From Creatives to Creators: The Evolution of an Industry
Scroll through any YouTube video, browse through your Facebook feed or run a search on Google and you’ll see ads. Everywhere. And most of us are just itching to press that ‘Skip Ad’ button in 5, 4, 3…Ads are the interruption to the online experience that no one asked for.
Do Google and Facebook mind? Probably not. Google alone made 70.9% of their revenues from advertising between 2001 and 2017. So, how did advertising get here? How did the medium evolve from the darling of the 1950s to the irritation of modern life? And how can we predict where it will go next?
Pre-industrial revolution was the simple trade era. Here, everything was done by hand including the harvesting and creation of products to trade with the local general public. Most importantly, reach to a wider audience further than your city (or perhaps the country) was a tough market to crack. Past the revolution, companies now believed that mass production was the marketing technique to increase sales. Manufacturing efficiently was the main concern, however, ‘where there’s product, there’s sales’ was effectively the ethos of this time.
From the 1920s, sales became more of a competition between businesses, which begun the early concept of marketing we see today. Companies started forming their own marketing departments and aggressively pushing their products out to gain awareness and persuade consumers to purchase. Here, relationships were important to nurture. Earning trust and loyalty meant turning customers into regulars, which proved to be an extremely effective strategy. Over the next decades radio and then TV advertising became the centralized mediums to reach the masses.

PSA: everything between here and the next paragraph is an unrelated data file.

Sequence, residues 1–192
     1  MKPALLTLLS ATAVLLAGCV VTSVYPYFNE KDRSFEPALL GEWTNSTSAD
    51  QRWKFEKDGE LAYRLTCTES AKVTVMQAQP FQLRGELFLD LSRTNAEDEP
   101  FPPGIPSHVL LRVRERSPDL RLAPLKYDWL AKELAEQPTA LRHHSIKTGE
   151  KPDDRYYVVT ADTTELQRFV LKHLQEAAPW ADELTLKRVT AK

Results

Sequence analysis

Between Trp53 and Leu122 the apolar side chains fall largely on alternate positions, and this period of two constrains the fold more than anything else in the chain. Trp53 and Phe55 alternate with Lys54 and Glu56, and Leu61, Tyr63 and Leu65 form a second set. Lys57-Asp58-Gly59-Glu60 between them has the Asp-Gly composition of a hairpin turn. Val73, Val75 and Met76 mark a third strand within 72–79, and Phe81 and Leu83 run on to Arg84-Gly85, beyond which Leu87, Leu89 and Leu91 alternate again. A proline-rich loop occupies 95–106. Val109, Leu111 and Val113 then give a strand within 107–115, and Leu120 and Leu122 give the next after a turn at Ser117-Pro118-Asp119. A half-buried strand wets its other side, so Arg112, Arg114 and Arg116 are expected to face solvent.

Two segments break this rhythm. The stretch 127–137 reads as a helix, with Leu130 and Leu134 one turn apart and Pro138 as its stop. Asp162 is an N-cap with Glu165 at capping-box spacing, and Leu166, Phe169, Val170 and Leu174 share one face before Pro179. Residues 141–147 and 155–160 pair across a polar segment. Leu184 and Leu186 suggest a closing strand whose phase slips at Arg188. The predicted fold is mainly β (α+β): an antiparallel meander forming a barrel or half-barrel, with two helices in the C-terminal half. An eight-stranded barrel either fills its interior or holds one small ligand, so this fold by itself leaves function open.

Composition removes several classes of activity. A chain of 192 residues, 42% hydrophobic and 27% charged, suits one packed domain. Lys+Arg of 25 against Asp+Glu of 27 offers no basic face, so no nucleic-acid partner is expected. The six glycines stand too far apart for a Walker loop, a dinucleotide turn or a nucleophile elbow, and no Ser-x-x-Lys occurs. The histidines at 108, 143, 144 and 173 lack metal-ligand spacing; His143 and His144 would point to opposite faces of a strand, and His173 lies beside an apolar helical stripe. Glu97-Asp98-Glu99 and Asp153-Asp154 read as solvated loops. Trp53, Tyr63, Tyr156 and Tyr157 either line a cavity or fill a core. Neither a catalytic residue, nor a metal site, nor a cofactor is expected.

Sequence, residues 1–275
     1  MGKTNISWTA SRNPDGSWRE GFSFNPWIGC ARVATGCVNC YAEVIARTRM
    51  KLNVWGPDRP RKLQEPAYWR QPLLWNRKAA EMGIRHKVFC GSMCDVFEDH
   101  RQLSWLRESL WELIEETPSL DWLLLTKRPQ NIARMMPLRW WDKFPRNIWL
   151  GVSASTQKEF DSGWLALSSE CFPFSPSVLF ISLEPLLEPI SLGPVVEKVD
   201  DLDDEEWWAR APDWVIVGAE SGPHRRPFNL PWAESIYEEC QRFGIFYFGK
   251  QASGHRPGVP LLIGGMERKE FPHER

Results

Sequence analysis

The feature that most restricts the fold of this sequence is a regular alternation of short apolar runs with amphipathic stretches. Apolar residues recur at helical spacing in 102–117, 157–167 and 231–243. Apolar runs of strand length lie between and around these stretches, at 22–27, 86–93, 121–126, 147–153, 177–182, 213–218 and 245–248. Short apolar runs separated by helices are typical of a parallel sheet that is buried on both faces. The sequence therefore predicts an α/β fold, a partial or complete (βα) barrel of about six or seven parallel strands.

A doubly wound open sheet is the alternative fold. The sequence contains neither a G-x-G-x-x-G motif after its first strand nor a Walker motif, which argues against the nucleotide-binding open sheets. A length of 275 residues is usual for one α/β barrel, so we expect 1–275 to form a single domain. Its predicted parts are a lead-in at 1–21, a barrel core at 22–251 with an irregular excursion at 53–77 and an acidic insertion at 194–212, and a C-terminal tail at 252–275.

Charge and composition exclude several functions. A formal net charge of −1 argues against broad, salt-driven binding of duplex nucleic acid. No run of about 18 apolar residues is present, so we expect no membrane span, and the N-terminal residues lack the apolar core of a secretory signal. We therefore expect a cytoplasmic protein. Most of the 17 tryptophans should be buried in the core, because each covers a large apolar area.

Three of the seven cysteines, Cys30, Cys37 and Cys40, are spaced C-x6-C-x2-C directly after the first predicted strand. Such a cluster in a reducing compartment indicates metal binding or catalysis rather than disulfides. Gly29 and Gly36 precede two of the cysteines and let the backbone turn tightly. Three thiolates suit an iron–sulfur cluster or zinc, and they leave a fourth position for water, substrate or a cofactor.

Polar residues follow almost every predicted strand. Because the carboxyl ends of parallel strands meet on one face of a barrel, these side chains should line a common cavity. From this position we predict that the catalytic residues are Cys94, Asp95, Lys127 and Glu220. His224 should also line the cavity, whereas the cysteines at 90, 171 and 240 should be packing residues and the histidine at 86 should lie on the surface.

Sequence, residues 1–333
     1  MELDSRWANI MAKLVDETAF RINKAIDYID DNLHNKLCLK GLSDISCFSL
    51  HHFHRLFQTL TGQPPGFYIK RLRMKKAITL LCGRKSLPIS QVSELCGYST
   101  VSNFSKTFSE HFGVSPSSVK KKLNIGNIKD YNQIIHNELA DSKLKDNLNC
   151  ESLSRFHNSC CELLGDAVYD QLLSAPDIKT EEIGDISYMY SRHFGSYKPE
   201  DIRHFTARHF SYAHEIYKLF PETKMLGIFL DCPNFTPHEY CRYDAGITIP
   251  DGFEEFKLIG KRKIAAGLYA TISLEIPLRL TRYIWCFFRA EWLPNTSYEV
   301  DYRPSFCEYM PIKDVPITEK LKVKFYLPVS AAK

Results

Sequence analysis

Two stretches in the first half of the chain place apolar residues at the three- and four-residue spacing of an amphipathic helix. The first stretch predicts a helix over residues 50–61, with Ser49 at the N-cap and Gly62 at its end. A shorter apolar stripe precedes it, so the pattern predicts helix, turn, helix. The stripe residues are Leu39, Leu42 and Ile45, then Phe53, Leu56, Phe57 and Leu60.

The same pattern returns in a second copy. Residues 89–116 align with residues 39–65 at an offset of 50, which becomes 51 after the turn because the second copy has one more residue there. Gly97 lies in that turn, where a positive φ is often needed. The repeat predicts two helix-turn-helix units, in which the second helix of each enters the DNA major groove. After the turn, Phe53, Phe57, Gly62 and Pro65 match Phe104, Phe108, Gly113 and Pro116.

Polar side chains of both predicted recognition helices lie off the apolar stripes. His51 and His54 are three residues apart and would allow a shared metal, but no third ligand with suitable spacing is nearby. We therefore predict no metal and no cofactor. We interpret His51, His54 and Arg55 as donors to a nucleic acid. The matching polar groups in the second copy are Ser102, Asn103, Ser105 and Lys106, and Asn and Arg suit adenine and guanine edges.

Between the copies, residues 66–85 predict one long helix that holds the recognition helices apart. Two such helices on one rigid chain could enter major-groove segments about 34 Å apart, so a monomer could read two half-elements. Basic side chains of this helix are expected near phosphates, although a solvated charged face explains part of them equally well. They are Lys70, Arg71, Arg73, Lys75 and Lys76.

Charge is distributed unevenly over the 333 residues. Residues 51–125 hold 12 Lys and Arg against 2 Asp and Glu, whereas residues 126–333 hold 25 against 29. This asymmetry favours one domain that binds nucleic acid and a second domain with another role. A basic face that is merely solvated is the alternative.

In the 1950s advertising — and creative agencies — reached their golden era, with brands paying agencies big bucks to develop strategies and distribute creative campaigns.
The internet and data proved to really change things up by the 1990s. Advertising wasn’t just about creativity any longer. It was about tracking and collecting consumer data to broaden campaigns beyond print, TV, radio and into social media, display ads, re-targeting, and content personalization. AdTech became the industry disruptor and the internet, once a seemingly vast and decentralized space became ever more centralized, with a small handful of platforms owning the monopoly on consumer attention and ad spend. Google aside, the top social platforms for marketing are Facebook, Twitter, Yelp, Instagram and LinkedIn.
Naturally ad agencies have had no choice but to adapt or die, to embrace AdTech tools and produce creative content to serve these social times. The only problem is that somewhere in between all the tools and targeting and data tracking, consumers got fed up with the whole thing. I’ve written before about how Generation Z feel especially disengaged, not least because they aren’t naive about the value of their data or their value as content creators.
Ad agencies aren’t naive about Generation Z either. In a video that was apparently meant for internal use, Havas described competitive players in the advertising world as ‘shi**y agencies’, while making the statement that marketing today in this “crazy world” is based on a model that was created way in the past. They also go on to explain that the real rivals for marketing are “kids with iPhones and millions of YouTube followers.”
But why? 🤷